For diabetics in ancient times, injecting insulin could be the most annoying part of the treatment they are undergoing. Not to mention those who have their own fear of syringes. Schedule injections can be severe torture that can cause stress. The emergence of insulin pens in the 1990s then became a breath of fresh air for people with diabetes (a term for people who have diabetes) who need insulin injections. The use of insulin pens is gaining in popularity and is shifting the use of syringes and insulin vials.
Unlike syringes that blatantly display needles, insulin pens are more "friendly" for people with diabetes who have a phobia of syringes. As the name implies, insulin pen is a tool to deliver insulin into the body that is shaped like a pen. You must keep sticking needles into your body to administer insulin only in a better way. This tool allows you to make insulin injections more easily than those offered by insulin syringes.
In general, this type of injection is divided into two types, namely disposable and which can be used repeatedly. Disposable insulin pens usually come with pre-filled insulin containers. All of these injection pens must be removed if the insulin in the container has been used up.
Meanwhile, reusable insulin pens do not require you to get rid of the whole injection pen when the insulin in the container has run out. You can just replace the insulin container with a new one when it has been used up. Some companies that have this product are Toujeo and Lantus.
What makes this method of administering insulin with an injection pen preferred is that the patient does not need to see a horrible long needle. The inner needles on injection pens, both disposable and those that can be used repeatedly, mostly use very short and thin needles. You might even only be able to see the tip of the needle on the tip of your insulin pen.
Make sure you replace the syringe every time you inject it with a disposable insulin pen or one that can be used repeatedly. With proper care, you can use a reusable insulin pen for several years. Insulin syringes are usually available in several lengths and thicknesses. However, almost all types can be used on every insulin pen.
Because insulin pens have two types, which one should you use? Consult with your doctor about using the insulin pen that is right for you. The use of the type of injection pen usually depends on the type of insulin you need, the number of units at each injection, and the availability of the injection pen for the type of insulin you are using.
The advantage of using this tool
This object offers several advantages for people with diabetes who need insulin injections compared to using syringes and vial bottles. The first advantage you get is practicality. By using an insulin pen, you no longer need to bother carrying small bottles of insulin and needles and syringes everywhere. You also do not need to be bothered anymore by the activity of transferring insulin from a small bottle (vial) to the syringe.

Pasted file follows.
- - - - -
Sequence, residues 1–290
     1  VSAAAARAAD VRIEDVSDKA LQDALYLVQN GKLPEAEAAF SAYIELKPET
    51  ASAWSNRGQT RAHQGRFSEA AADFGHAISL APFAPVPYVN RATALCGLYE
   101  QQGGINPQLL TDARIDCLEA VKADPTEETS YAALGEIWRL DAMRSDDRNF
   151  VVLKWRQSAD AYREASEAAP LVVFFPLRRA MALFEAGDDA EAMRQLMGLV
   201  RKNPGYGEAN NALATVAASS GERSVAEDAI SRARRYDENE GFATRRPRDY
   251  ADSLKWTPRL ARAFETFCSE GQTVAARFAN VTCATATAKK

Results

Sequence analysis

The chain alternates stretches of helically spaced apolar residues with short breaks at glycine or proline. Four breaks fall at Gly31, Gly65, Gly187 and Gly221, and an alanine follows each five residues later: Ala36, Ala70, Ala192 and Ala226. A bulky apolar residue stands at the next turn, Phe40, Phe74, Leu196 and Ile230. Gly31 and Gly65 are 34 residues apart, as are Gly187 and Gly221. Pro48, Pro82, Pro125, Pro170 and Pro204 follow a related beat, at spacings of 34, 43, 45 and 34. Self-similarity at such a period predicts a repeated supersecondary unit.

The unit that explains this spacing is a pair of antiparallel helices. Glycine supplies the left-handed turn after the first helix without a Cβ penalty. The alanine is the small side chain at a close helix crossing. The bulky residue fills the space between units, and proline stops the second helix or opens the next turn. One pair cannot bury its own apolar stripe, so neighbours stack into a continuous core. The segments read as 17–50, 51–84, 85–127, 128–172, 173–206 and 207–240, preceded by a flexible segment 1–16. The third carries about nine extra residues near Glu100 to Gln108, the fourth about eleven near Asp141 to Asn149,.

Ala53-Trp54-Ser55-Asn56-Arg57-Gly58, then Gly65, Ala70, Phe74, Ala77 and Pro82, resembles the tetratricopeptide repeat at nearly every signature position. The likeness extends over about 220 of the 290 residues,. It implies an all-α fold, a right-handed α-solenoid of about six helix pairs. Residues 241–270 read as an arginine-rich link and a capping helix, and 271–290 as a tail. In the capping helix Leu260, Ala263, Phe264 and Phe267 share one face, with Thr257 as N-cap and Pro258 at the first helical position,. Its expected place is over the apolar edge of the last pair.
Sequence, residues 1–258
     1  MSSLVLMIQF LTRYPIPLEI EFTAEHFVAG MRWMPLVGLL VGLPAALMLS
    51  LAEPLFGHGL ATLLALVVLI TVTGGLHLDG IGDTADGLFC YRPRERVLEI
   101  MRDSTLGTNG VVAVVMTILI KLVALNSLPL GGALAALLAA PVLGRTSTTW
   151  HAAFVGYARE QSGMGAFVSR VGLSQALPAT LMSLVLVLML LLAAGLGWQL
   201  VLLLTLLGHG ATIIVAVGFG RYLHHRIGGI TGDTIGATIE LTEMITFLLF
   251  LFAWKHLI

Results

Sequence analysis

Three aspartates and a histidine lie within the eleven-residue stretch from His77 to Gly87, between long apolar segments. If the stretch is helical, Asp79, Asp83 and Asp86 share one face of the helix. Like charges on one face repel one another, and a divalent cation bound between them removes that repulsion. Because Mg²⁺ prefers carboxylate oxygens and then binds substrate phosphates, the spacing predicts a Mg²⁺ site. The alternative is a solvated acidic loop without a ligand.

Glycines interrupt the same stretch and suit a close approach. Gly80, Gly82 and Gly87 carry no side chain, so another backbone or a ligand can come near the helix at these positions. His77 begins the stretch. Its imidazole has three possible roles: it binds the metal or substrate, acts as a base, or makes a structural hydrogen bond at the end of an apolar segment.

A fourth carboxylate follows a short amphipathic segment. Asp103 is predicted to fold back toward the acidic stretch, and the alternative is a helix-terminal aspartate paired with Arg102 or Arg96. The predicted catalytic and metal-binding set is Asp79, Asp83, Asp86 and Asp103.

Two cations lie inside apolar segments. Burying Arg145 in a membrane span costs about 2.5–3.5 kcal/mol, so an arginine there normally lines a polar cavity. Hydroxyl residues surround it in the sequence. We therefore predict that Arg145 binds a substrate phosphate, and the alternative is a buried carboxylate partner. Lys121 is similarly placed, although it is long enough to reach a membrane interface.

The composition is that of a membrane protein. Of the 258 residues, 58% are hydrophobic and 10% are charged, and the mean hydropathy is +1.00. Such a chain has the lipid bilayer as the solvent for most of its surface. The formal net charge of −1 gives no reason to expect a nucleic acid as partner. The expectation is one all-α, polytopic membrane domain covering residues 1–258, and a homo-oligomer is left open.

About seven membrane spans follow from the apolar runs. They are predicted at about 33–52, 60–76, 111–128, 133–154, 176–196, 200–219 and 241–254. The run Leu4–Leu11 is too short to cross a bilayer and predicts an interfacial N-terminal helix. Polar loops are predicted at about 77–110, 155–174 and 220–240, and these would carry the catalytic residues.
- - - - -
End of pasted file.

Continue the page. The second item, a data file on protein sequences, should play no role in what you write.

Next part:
One complication that can occur in diabetics is vision problems. This disorder can be difficult for them when they have to measure the amount of insulin that must be transferred from the vial to the syringe. With this object, the ritual of insulin injection will make it easier for them to undergo their medical obligations.
Lack of pain
One side effect of injecting insulin is the possibility of a reaction at the injection site, such as swelling, redness, and pain. The insulin pen has a very thin and short needle. It also plays a role in helping reduce the pain caused by injection.
In a study of 74 diabetic patients, the researchers found that the use of an insulin pen did not cause much pain during injection compared to using a syringe with a longer needle. The size of syringes possessed by this object also reduces diabetics' fear of needles.
As reported by Medical News Today, research shows that people with diabetes feel more comfortable and comfortable using injection pens for administering insulin than using plastic syringes. Its easy use can also make them measure the dosage they need more precisely. It is this convenience that makes diabetics more routine in administering insulin compared to when they use syringes and vials.
The ease of use of this device has been shown to increase diabetes adherence in carrying out their diabetes treatment with insulin injection. In a study of 13,428 people with diabetes such as the one published in the Pharmacy Times, those who used insulin pens had lower levels of HbA1C compared to those who used syringes and vial bottles.
Lack of insulin pen
Although proven to bring many advantages, this tool still has shortcomings. Usually this item has a more expensive price than if you use an injection device made from plastic and vial bottles. When injecting, a small amount of insulin is also wasted. Some insurance also does not cover treatment using this injection pen.
How to save insulin pen
New and unused insulin pens must be stored in the refrigerator. However, for those that have been used, you do not need to keep it in the refrigerator continuously. This applies the same as insulin storage in vials.
As per the recommendation of the American Diabetes Association, keep an insulin pen that has been opened at room temperature and use within 28 days. Discard if it has expired even though there is still insulin left.
Make sure you have removed the needle on the injection pen. Do not store it in the area of the needle attached even though the new needle because it will affect the cleanliness of the needle itself.
Tags : diabetes